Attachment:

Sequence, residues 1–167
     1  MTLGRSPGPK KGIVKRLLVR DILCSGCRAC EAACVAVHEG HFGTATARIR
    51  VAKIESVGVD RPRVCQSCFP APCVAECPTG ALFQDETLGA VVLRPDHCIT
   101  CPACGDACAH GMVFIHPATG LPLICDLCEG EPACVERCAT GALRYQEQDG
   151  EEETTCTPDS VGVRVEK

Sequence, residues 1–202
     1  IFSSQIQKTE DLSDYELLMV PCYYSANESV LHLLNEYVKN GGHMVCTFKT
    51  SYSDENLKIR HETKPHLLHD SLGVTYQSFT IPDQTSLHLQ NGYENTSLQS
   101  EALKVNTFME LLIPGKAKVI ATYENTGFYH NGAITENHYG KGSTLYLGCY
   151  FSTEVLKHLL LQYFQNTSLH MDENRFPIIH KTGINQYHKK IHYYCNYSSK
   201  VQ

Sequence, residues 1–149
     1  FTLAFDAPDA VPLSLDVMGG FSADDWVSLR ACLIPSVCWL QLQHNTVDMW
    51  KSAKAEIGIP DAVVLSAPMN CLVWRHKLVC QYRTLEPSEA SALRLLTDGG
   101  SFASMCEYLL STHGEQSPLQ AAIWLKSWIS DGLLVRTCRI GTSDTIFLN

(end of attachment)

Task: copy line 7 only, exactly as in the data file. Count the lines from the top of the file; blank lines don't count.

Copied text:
     1  IFSSQIQKTE DLSDYELLMV PCYYSANESV LHLLNEYVKN GGHMVCTFKT